Finding a barber up for giving a body shave isn't always easy, however. "There are all kinds of these people in Hollywood or L.A., and nobody around San Diego," Glenn complains.

Shorn of body hair, Glenn not only feels cleaner, but younger. "When the pubes were gone, I'm looking down and it was like seeing myself as young boy again," he tells The Guide. "Having been molested as a child, I somewhat understand pedophiles and have been drawn to that, but have not ever acted on it. I wouldn't survive prison," Glenn adds-- a place where he could have close shaves of many kinds-- "and I wouldn't want to mess up anyone's psychology. But all the sudden I was my own prey."

The hair and now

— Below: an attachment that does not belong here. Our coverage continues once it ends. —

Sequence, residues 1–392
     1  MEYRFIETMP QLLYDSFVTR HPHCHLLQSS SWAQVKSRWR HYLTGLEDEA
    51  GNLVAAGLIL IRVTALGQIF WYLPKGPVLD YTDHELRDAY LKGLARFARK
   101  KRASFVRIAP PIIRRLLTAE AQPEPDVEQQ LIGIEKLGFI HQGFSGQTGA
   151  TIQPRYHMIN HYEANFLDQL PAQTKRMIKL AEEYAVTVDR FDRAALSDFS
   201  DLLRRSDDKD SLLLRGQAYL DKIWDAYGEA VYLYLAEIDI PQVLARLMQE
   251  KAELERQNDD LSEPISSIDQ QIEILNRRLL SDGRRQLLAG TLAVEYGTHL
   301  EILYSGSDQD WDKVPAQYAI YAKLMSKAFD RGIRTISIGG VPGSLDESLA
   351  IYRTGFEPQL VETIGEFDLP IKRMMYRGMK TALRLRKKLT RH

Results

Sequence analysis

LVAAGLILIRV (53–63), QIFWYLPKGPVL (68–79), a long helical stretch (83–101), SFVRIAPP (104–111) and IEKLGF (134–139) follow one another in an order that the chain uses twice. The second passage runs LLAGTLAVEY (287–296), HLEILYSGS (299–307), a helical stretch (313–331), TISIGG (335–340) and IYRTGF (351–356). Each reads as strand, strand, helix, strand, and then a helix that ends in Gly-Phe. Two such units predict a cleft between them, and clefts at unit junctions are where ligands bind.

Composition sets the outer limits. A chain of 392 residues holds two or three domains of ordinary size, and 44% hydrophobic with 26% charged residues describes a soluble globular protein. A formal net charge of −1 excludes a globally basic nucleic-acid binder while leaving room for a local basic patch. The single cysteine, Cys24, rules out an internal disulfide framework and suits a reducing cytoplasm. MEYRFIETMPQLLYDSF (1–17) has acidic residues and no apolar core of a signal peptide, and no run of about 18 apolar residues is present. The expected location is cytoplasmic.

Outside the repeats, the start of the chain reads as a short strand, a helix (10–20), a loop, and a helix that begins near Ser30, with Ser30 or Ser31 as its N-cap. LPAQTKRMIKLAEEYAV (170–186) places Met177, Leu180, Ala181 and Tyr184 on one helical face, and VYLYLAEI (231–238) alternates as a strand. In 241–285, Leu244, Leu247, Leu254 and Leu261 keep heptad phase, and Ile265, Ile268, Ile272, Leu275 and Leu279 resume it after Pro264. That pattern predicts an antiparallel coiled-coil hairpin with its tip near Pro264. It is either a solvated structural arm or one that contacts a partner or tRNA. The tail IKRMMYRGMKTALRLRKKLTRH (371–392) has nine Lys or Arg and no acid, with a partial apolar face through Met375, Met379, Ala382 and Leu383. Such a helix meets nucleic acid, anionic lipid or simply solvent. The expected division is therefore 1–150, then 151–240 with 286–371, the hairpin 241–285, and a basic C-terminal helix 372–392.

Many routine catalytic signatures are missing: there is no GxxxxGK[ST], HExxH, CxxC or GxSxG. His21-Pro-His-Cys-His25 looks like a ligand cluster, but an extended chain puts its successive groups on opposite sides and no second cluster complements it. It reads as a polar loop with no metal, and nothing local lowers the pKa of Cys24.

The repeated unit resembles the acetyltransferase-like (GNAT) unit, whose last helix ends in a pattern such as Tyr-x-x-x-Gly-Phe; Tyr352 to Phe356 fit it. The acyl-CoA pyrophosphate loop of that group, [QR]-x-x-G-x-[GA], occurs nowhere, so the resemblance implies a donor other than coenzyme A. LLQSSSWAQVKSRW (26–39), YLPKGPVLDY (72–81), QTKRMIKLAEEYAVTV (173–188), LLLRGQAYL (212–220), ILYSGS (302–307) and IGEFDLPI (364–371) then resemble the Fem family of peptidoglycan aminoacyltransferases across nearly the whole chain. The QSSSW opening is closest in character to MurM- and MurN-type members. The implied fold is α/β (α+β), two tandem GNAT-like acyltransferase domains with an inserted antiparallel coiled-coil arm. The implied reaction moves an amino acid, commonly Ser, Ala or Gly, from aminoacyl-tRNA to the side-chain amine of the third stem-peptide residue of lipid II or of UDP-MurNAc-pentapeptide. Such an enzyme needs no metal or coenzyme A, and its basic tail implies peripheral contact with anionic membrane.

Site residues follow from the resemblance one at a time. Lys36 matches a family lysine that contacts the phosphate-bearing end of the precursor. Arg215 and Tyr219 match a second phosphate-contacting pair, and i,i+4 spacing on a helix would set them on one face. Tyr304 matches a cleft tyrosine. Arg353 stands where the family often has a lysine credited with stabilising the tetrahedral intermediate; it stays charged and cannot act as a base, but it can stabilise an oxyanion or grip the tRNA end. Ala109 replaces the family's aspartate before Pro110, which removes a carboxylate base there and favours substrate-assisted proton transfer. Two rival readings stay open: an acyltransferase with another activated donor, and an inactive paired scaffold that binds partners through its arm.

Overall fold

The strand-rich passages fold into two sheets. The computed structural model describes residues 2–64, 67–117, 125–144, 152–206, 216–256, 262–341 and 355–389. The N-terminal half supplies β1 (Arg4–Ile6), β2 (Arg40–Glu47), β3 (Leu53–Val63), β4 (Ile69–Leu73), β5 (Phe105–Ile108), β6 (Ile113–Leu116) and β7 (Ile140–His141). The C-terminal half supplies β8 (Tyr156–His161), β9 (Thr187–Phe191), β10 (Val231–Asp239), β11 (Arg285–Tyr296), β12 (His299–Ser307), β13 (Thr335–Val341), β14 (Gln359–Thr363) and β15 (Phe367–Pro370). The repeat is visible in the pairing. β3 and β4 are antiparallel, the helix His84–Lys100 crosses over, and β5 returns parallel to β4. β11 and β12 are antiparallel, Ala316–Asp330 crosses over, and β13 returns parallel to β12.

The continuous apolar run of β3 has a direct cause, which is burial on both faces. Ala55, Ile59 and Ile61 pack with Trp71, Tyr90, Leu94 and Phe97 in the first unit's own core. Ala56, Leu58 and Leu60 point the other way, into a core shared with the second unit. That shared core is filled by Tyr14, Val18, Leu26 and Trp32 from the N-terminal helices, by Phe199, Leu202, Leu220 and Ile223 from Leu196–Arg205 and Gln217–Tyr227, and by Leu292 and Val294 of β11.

Hair by hair, the body counts time. Old Man Time's flowing gray beard is a measure of the long duration, while five-o'clock shadow sums up a face's change-in-a-day. Hair adorns the body's major transitions. Its growth around the genitals, under arms, and on a boy's face heralds sexual maturity. Sprouting in nose and ears like weeds through a sidewalk, hair is a tell-tale of middle age. So is a man's receding hairline, a perverse effect of the testosterone that makes males the hairier sex. Graying hair gives away middle and old age, as does a woman's mustache. The drumbeat of hair growth goes on even when life's has stilled: hair keeps sprouting for a while after a body is pushing up daisies. And long after skin and viscera have turned to mush and dust, hair takes a stab at eternity.